Monday, December 29, 2008

Samuel Huntington

Samuel Huntington, who died last week, is a hate figure for the sort of people who pepper every presentation with the word 'radical' (see previous post). At seminars, they charge at the phrase 'Clash of Civilizations' like a bull at a matador's fluttering cape. When I hear speakers criticise Huntington's central thesis, I try and enter into conversation with them over lunch or coffee, posing a question like, "Do you think Huntington's emphasis on demographics in his book is a natural extension of his argument in the original essay from Foreign Affairs magazine, or do you believe it might be a tactic to sidestep the angry response to that essay?" Without exception, I have found that the speakers haven't read Huntington's book. In most cases, they have not even read the essay which first used the term 'clash of civilisations'.
Such reflexive, ignorant criticism is regrettable, because the book has a lot to offer even those like me who have substantial reservations about its central thesis. The problem is that the multifarious conflicts Huntington wrote about have been obscured in the past ten years by one central clash: that of Islam versus the West. Huntington is not at his strongest when writing about Islamic societies. He's much better on Latin America, and the sub-chapter about Russia as one of the world's 'torn civilizations' is excellent. It explains a lot about Vladimir Putin's ascent and manner of ruling, even though it was published while Yeltsin was still in power.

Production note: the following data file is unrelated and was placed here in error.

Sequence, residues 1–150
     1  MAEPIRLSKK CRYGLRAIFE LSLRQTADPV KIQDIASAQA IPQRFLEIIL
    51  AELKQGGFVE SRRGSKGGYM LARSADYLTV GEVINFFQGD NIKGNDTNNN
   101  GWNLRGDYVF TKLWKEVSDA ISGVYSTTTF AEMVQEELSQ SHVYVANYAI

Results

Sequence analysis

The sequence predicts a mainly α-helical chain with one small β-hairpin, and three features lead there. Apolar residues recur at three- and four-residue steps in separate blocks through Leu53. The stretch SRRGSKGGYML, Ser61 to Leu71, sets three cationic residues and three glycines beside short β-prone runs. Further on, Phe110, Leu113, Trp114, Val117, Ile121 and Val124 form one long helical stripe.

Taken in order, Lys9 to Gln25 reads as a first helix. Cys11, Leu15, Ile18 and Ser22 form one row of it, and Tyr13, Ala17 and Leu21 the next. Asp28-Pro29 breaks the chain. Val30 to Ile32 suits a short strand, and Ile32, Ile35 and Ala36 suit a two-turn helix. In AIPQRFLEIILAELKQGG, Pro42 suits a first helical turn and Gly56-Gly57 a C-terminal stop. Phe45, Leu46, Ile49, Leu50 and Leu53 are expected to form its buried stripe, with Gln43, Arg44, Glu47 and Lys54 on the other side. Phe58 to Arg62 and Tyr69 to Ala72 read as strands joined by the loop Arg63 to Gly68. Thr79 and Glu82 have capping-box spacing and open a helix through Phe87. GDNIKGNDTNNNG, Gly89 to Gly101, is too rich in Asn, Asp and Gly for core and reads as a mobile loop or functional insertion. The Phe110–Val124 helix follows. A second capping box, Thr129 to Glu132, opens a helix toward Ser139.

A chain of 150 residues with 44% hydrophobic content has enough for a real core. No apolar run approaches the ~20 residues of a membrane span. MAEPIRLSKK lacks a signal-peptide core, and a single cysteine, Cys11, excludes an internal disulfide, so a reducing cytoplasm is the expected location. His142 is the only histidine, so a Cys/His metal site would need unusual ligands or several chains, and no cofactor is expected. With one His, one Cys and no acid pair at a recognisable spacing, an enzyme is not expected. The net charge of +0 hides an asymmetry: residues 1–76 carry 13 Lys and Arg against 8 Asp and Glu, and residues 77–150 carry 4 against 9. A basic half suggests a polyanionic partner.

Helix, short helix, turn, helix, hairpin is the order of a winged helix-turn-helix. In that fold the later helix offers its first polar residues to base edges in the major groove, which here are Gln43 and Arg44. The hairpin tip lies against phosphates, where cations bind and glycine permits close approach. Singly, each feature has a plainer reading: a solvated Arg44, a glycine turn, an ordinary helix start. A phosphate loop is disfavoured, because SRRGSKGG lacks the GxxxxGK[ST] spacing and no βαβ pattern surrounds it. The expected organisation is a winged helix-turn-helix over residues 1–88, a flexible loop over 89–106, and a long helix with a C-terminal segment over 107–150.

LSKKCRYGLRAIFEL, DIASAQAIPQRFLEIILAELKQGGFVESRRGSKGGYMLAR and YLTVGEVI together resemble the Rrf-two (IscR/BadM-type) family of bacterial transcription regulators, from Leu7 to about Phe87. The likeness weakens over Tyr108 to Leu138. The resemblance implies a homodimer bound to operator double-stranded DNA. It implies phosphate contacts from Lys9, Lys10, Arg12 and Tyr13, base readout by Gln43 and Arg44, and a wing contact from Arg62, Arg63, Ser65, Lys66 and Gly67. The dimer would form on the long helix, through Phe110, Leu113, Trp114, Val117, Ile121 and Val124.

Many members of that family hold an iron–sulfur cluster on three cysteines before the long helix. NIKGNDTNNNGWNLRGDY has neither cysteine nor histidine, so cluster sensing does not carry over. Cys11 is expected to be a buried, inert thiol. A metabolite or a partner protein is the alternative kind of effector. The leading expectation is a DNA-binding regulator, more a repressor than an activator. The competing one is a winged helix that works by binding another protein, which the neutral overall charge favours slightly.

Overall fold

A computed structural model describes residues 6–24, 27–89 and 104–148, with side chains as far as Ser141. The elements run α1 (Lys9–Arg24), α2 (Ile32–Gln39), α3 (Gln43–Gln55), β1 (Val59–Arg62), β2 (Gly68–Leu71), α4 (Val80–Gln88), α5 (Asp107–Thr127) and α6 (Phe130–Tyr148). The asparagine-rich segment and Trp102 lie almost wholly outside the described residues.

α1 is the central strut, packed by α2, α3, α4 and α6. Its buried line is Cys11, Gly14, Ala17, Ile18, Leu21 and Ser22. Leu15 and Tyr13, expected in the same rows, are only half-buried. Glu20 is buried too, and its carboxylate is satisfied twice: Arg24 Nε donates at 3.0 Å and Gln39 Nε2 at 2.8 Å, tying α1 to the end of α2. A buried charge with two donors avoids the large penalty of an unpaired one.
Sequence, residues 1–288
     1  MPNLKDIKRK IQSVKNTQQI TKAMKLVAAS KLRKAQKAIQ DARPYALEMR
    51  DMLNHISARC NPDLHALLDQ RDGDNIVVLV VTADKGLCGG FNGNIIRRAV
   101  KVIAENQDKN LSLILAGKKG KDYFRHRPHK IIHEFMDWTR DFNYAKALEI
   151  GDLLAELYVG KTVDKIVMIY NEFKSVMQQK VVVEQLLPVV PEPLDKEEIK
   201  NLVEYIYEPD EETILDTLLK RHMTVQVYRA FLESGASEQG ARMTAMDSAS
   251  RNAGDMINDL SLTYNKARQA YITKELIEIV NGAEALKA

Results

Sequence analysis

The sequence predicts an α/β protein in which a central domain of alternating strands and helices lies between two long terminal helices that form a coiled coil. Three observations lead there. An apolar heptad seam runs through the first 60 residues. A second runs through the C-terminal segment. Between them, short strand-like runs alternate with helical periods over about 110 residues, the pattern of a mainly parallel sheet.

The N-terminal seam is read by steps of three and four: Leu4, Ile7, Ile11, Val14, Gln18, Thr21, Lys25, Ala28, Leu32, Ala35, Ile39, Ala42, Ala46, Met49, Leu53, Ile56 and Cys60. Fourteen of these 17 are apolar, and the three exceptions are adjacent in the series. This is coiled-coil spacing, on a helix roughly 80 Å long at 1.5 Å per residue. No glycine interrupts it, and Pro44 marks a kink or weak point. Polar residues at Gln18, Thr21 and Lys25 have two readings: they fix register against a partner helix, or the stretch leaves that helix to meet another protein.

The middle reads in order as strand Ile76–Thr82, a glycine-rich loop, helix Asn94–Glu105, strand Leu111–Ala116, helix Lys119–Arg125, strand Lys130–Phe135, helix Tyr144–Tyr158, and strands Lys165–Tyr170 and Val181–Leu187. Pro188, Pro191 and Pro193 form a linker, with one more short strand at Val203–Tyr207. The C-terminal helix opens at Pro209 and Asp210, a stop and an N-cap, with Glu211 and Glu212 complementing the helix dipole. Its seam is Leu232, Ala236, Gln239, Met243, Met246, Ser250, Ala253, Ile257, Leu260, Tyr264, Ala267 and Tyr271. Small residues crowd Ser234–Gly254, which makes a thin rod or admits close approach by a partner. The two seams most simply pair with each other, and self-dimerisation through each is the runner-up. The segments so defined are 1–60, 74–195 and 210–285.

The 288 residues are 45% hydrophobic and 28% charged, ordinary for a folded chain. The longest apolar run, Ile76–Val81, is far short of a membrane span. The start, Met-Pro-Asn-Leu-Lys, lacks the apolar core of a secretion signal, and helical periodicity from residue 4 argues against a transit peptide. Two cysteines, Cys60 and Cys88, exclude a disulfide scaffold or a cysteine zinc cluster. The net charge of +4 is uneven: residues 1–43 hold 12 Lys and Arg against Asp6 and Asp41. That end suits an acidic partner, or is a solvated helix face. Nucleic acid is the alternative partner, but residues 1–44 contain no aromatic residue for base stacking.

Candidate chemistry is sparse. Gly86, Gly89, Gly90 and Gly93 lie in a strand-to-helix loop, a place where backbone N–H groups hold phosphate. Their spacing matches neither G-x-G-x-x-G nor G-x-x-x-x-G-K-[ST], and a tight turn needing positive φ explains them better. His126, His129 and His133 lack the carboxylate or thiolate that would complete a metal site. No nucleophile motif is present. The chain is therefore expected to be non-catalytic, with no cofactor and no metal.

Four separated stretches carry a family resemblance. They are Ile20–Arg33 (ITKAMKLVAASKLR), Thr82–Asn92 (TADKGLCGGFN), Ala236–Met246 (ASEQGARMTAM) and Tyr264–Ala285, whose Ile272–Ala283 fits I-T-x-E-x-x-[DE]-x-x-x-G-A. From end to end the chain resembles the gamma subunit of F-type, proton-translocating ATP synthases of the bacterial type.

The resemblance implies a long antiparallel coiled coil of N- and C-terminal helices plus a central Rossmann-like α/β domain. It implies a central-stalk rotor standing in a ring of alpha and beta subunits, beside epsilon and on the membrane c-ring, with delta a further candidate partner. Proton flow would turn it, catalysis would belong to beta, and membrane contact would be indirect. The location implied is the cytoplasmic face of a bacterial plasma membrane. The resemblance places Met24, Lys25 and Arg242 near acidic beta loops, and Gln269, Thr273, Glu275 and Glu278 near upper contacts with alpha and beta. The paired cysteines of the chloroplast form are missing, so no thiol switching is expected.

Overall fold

I like, also, the discussion on westernisation versus modernisation, two terms which are often taken to be synonyms. Huntington points out how, in the initial phases of industrialisation within developing countries, societies adopt western habits as they modernise. At one point, a cultural reaction sets in, after which increased economic and technological modernisation leads to a reaffirmation of indigenous values.
The book contains some fodder for post-colonial activists, in the data relating to the economic power of different civilisations over the course of centuries. India produced a fourth of the world's manufacturing output in 1750, the eve of the Battle of Plassey. Its share began to sink precipitously, reaching 1.4 percent in 1914. It was only when Indians began to govern themselves, first under the British umbrella and later as a completely independent nation (or independent nations, since the data cover the entire subcontinent), that our share of the world's production rose. The figures are as strong a rebuke as can be imagined to those who still suggest that colonial rule was generally beneficial to India. It's true, part of the drop in India's relative position is explained by the boom in the west engendered by the industrial revolution, but that's clearly not the whole story.
For instance, between 1750 and 1800, China increased its share of world manufacturing marginally, from 32.8 to 33.3 percent, even as India's contribution dropped from 24.5 to 19.7 percent. What caused this sudden fall relative to China? Certainly not the industrial revolution, since China wasn't industrialising. China's own decline began around the time of the Opium wars, going down to a shocking 2.3 percent in 1953 before recovering somewhat.
Among the negative features of Huntington's most well-known book (the only one by him that I have read) are the nebulousness of his categories; his lack of fluency as a writer (the Russia pages are an exception); and his steadfast belief that the United States acts with the best intentions even when its actions have disastrous consequences.
Since he was an advisor to the state department during the Vietnam war, and never questioned that war's moral legitimacy, his stance is not surprising. If you get past hurdles like Huntington's moral blind spots there are valuable insights to be had from The Clash of Civilizations.

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